How am I to give without holding back?

To be engulfed in the mystery of encountering another?

Where in me is the still, small point

that translates that ardent desire

into a gentle reality?”

 

Finally, after what felt like an eternity,

I convinced myself I was lost.

Surely, I had stumbled over one of the barriers

and sent myself back to the beginning of the path.

The only way to the center

was to march myself there,

leaving the confines of the trail.

 

“It shouldn’t take this long.

It shouldn’t be this difficult.”

 

I could have just turned on my flashlight and found out.

I could have just seen by my own light.

I could have banished the mystery.

 

Fear racked my body.

The aloneness,

the vulnerability,

the darkness

was too much for me.

The flashlight came out.

My thumb located the switch.

 

“John Michael, do not be afraid.

Trust just a little bit longer.”

 

I don’t know how your voice so cleanly sliced through the doubt.

I can’t comprehend how sweet your voice was, how reassuring.

 

“Okay.”

 

Deep breath.

Flashlight away.

Another step.

My whole being flexed in order to keep going.

My body steeled itself.

My mind tensed.

The depth of my being stirred.

 

“Mary, create in me purity, form in me humility.”

 

What happened next still tickles me.

You sure know how to make a point.

Your love is a little cheeky sometimes.

Ten steps later I arrived at the destination,

the heart of the labyrinth,

the heart of your womb.

Filled with awe,

I saw how right you were:

I had only to trust a little bit longer.

Thanks for watching over me.

 

Sitting down on a tree stump,

I felt cocooned in your love.

This cocoon was dark and mysterious,

confusing and scary.

This cocoon broke me down as it remade me.

But somehow I was safe.

 

Noticing how crippling a clutch fear had on me,

stronger than I had encountered in years,

the Crucifixion changed.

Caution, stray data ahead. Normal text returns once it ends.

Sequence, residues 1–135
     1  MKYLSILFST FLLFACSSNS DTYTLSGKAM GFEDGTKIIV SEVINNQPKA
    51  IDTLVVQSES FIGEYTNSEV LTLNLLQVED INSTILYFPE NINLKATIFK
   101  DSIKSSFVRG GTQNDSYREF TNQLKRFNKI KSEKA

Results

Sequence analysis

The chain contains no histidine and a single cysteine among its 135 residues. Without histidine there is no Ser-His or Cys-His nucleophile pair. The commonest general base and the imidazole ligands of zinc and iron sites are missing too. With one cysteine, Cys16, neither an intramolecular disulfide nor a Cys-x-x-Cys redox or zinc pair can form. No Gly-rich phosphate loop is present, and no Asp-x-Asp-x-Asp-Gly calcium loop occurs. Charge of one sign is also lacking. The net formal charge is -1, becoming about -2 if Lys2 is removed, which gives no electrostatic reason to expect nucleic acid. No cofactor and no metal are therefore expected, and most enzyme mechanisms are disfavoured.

The gut-wrenching horror of it appeared anew.

Terror echoed in the caverns of my being.

Yet I knew I didn’t come close

to the full extent of Christ’s pain.

 

“How did you love your son in such a black terror?

How did you welcome that unfathomable suffering

into the depths of your being?”

 

“It was by allowing you in that I could love Christ.

I had to be ready and willing to give courageously

to any of God’s children,

to each and every child, really,

in order to care well for the Son.”

 

“Lord, open my womb.

Let me love others from the depths of my being.

Let me welcome their depths into my depths.

Teach me to love gutturally.”

 

Jesus was there, in your womb.

 

“Christ, will you come with me?

Will you dwell in the depths of my being?”

 

“Yes. Gladly.”

 

How can I possibly thank you

for giving me your Son?

How can I ever be grateful enough

for the One who empowers me to love,

the One who illumines my depths

and interweaves mine with others’?

 

Mary, you are a wonderful teacher.

You created much good in me.

You formed me well.

You nourished me

by giving over a part of yourself.

 

I still have much to learn.

You remember how at the end of my reflection

in the heart of the labyrinth,

I took recourse to my flashlight and ran,

literally ran,

out of the labyrinth and back to my cabin.

That raccoon on the path gave me a heart attack.

 

Please give me the grace to receive my formation,

to trust in God’s creative and refining work.

Mary,

I am your son,

I was born of you,

and I want to be like you when I grow up.

 

Mary, Mother of God, pray for us.

Mary, Mother of us all, pray for us.

J.M. Hogue

J.M. Hogue '18 is a theology major at the University of Notre Dame.